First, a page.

Life just goes along these days. It's busy. It's mundane. I don't really feel like there's a whole lot to blog about right now. It's a knitting blog though, and I've been knitting, so here you go.
My new favourite knit it in your sleep sock pattern:
1. Get some yarn.
2. Using the Turkish Cas-on start with this many:
Lighter fingering or cotton based sock yarn - 16 wraps / 32 stitches total on 2mm needles
Fingering weight - 12 wraps / 24 stitches total on 2.5 mm needles
DK weight - 8 wraps / 16 stitches total on 3mm needles
Heavy DK or Light Worsted - 8 wraps / 16 stitches total on 3.5mm needles
3. Make wedge toe by increasing 4 stitches every other round until you have:
Light Fingering/Cotton - 72 stitches total
Fingering weight - 64 stitches total
DK weight - 56 stitches
Heavy DK or Light Worsted - 52 stitches.
I use knit front and back on the corner stitches.
After about 2 rounds I pull the cast on tail through to the right side to serve as a start of round marker.
4. Knit around and around for a while.
Try it on for size. Stop when you can comfortably pull the sock up to your ankle bone or so.
5. Work Priscilla Gibson-Roberts' short row heel on half the stitches.
Hint: slip the instep stitches onto 2 dpns to give them a little slack and reduce the pulling at the corners.
Another Hint: on the first round after you've finished the heel, knit 3 together in the first and last instep stitches to close any possible gaps. Do this by picking up and twisting a stitch from the row below right in the corner and slipping the last yarn over onto the left needle. Knit the first stitch together with the picked up stitch and the yarnover. Do the same at the other end of the instep stitches.
6. Knit around and around and around and.......until
a) you feel like stopping
b) you are nearly out of yarn
c) the length of the leg is roughly 1" shorter than the length of the foot from heel to toe.
7. Switch to 1X1 rib for about an inch.
8. Use EZ's Sewn Cast-off. Work it loosely so there's a lot of stretch in the top of the sock.
There you go. I wouldn't exactly call it a pattern. It's more like the techniques that are working for me right now.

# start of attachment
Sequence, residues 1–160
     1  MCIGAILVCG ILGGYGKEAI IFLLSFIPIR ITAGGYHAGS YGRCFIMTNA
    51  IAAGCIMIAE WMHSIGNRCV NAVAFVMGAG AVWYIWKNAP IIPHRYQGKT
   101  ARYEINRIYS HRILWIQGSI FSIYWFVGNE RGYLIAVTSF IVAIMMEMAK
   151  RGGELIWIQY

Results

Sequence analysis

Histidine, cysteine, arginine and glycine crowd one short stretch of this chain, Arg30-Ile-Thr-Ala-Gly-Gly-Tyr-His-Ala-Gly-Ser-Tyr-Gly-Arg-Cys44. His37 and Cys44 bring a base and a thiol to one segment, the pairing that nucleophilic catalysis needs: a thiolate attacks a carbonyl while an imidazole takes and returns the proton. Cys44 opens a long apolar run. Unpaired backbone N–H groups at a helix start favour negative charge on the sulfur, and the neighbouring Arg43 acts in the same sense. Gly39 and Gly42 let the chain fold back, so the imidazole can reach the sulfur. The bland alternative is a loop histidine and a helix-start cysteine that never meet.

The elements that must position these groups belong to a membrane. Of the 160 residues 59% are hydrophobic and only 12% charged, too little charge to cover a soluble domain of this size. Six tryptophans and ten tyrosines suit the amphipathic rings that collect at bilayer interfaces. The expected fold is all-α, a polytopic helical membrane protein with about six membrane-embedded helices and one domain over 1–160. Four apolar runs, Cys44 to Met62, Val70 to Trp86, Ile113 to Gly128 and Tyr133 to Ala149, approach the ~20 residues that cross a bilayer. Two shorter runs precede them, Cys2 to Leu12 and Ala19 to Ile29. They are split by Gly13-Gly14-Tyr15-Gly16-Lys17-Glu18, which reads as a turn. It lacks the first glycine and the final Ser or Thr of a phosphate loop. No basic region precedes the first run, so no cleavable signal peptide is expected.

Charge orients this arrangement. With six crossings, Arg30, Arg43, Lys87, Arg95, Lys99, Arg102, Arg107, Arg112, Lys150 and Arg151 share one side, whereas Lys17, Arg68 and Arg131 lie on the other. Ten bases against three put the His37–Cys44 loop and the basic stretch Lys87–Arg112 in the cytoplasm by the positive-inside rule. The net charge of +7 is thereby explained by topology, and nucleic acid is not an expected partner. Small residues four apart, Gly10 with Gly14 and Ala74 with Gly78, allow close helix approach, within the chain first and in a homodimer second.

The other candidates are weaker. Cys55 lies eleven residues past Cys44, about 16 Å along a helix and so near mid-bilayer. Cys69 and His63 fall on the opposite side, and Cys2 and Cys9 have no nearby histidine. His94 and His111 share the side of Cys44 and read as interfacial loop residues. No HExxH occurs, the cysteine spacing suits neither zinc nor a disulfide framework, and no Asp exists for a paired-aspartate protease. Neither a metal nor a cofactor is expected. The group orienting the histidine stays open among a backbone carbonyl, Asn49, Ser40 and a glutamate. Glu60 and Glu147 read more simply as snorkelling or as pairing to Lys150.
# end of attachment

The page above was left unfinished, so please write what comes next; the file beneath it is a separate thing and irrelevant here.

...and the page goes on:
Cider Moon "Blizzard"
100% Washable Merino
64 Stitches on KP 2.5 mm DPNs
Colourway: "Asbury Park" which is off white, turquoise and light brown but which reads as mint green from a distance. Also please note the spiral striping. This yarn came in a single hank. I split it exactly in half using an electronic scale. I knit them exactly the same way, on exactly the same needles, one after the other. So WTF is up with the spiral stripe?
Love that Heel! For me anyway, its a whole lot faster to knit than a flap. I don't think it will wear as hard as a flap would, but I'm not really all that concerned. There's probably more sock yarn in the stash than I could knit in a year of nothing but socks.
Also knit these as demo/gauge samples for a local indie dyer. For those of you in Calgary, Linda Marlow-Thomson will shortly be opening a stall at the Calgary Farmer's Market. Linda is a retired teacher and new fiber friend of mine. Her hand-dyed yarns are gorgeous to look at and to work with. Linda also makes specialty yarns and will be stocking patterns and kits as well.
This yarn is on the heavy side of dk yarns. It is 100% mercerized wool which takes the dye beautifully, feels soft and cozy, and won't felt.
The sock on the bottom is 56 stitches on 3.0mm KP DPNs. Gauge is 7 stitches and 8.5 rows per inch. Once again, it uses almost exactly 50g of yarn from the same skein. Leg length is 3.5 inches: Foot is 7 inches. The only noticeable difference in size between the two socks is in the leg length. The foot circumference and fit is identical.
That tassle of yarn attached to the bottom sock is every scrap that was left from the original 100g skein. You can indeed get a pair of shorty socks out of a single skein. I know that Linda's also going to put up some kits with 100g multi-colour and 50g co-ordinating semi-solid to use with toes, heels and cuffs. It's also interesting to notice the difference in patterning between the two socks. The bottom sock has a subtle spiral pooling which I actually quite like. The top sock has a much more even distribution of colour. May not ever happen again, but I think it's interesting to note particularly after the obvious difference in the Asbury Park socks.
Next up? Purple. REALLY purple.